One year after massive quake, Fuller Center’s work in Nepal continues

One year after massive quake, Fuller Center’s work in Nepal continues

It was one year ago today that a massive earthquake registering 7.8 on the Richter scale rocked the mountainous country of Nepal, killing more than 8,000 people and injuring another 21,000. It also damaged or destroyed more than 800,000 homes.

The village of Trishuli, about 30 miles from the quake’s epicenter, was as hard-hit as anywhere in the country with houses in ruins — except for the 12 Fuller Center homes that had been built there before the quake. Those dozen homes were unscathed.

Because of that success, The Fuller Center for Housing felt compelled to not only ramp up its work in Trishuli but also to share the safe-building techniques that proved crucial to protecting its partner families in the region.

A mason learns safe building techniques from The Fuller Center in Nepal.

The Fuller Center embarked upon a campaign to raise funds for another 200 homes. The march toward 200, though, has been slowed by obstacles, both foreseen and unforeseen.

The anticipated monsoon season hit shortly after the quake, putting off major construction. But a major hurdle unexpectedly appeared when a blockade along the border with India massively slowed imports of fuel and building materials into the country. Desperately needed nonprofit work in the country slowed to a crawl. The Carter Work Project planned for November had to be canceled for the first time in 32 years.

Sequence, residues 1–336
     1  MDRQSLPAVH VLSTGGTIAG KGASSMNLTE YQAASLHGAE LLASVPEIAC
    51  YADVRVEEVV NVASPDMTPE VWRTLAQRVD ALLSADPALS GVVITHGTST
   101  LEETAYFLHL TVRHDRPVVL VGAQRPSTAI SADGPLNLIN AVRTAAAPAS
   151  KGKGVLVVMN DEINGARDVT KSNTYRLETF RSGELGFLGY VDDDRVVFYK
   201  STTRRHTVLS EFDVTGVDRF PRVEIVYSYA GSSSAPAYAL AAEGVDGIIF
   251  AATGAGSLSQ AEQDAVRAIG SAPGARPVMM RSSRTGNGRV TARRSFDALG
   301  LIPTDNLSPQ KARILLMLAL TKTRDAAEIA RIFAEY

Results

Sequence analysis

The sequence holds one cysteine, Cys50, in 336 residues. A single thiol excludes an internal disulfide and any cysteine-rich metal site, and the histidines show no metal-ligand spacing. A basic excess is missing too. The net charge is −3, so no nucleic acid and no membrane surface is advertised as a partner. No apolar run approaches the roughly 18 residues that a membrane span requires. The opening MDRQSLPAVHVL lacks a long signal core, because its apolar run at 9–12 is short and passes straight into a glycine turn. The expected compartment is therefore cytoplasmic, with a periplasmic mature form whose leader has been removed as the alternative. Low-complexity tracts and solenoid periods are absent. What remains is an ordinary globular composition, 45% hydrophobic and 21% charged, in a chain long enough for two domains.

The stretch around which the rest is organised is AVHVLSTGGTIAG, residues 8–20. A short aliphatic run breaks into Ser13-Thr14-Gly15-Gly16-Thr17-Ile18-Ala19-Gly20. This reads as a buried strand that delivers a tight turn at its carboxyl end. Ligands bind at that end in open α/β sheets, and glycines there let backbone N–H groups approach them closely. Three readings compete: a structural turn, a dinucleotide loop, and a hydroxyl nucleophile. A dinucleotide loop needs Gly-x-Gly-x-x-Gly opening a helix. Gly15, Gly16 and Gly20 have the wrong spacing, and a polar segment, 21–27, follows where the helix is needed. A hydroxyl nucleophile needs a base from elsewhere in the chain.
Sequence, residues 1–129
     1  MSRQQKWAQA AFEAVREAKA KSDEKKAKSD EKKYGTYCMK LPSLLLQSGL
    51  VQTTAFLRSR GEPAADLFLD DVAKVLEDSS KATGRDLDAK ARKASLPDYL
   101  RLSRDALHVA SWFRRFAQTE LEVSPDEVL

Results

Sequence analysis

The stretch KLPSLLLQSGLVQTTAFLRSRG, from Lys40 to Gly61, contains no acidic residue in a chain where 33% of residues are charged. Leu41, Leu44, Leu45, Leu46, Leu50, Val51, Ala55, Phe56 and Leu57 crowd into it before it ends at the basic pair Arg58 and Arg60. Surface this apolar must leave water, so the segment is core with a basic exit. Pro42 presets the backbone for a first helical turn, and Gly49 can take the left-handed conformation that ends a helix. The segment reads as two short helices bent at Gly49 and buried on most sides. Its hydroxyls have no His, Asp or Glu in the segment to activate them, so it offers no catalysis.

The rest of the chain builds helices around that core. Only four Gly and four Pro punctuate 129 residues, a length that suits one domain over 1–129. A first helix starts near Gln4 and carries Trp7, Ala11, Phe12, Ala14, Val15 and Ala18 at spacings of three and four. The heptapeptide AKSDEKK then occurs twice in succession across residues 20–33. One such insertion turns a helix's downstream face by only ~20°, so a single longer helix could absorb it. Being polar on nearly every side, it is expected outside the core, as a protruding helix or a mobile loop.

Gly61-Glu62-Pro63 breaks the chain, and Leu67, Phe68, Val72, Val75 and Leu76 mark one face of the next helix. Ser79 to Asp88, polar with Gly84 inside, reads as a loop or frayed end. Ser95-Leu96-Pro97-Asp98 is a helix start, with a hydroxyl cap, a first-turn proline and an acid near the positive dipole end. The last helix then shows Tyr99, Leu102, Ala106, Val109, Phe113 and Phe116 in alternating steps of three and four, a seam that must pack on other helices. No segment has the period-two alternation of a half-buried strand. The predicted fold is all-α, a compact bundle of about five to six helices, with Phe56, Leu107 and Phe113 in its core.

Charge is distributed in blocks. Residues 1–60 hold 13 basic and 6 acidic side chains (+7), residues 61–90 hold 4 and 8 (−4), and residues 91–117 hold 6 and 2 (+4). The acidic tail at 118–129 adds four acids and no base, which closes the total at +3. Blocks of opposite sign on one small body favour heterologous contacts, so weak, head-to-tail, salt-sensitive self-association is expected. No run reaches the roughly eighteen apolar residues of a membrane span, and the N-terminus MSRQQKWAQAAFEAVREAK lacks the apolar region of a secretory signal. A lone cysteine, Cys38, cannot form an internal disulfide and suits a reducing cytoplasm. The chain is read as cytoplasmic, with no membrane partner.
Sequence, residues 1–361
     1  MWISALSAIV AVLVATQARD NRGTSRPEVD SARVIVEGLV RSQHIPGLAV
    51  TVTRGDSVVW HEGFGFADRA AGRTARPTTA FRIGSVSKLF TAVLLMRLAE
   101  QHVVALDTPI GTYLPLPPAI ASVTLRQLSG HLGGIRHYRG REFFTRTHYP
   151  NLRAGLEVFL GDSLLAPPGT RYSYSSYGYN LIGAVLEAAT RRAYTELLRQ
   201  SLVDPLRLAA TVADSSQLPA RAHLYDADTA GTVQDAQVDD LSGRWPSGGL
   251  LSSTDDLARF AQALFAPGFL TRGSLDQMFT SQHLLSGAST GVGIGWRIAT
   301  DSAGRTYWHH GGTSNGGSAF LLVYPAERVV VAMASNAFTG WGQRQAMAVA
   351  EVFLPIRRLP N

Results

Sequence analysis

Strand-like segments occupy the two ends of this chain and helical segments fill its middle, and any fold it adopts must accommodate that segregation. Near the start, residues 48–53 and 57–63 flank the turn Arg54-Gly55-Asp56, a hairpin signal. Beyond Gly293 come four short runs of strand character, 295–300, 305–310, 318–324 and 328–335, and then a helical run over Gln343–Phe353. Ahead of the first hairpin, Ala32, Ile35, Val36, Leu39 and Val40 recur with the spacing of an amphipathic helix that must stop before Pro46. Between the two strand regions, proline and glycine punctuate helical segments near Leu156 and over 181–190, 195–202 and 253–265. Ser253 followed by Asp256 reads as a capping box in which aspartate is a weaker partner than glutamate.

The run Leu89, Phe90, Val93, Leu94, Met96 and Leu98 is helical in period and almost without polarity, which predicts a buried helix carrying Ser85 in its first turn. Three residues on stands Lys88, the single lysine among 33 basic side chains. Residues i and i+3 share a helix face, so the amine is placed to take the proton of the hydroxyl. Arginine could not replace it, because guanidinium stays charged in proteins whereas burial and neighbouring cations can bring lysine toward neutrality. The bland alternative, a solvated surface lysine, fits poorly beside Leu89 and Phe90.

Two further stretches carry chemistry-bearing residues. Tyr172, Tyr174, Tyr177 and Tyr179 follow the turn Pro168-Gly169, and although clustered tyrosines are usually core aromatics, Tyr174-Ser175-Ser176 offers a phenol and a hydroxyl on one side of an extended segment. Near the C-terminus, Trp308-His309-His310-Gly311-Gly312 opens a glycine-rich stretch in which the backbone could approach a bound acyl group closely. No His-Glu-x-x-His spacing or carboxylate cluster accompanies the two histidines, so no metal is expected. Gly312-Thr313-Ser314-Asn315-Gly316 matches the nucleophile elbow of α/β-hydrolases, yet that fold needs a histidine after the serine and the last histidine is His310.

Despite the hurdles, The Fuller Center built 15 new homes in Trishuli and trained dozens of masons in safe-building techniques. Unfortunately, the tragic events in Nepal did not spur the kind of outpouring of donations that was seen in the aftermath of the 2010 earthquake. With Nepal no longer in the spotlight, raising funds for the families in need has proven difficult.

“We have changed the lives of 15 more families in Nepal,” said Ryan Iafigliola, The Fuller Center’s Director of International Field Operations who visited Nepal in June. “They’ve moved from rubble to safe, permanent and affordable homes — that brings hope to everyone. That makes us happy, but we’re not satisfied.”

The village of Trishuli, about 30 miles from the quake’s epicenter, was as hard-hit as anywhere in the country with houses in ruins — except for the 12 Fuller Center homes that had been built there before the quake. Those dozen homes were unscathed.

The blockade that brought the country to a virtual standstill may have eased, but funding remains a major hurdle. The Fuller Center still plans 200 new, safe homes in Trishuli if the funds can be secured.

“Our work managed to continue but was noticeably slowed,” Iafigliola said. “That crisis is now ended, and we anticipate expediting construction between now and the rainy season over the next few months.”

The Fuller Center’s 180 permanent, safe homes in Haiti include the example-setting 56-home Lambi Village of colorful duplexes.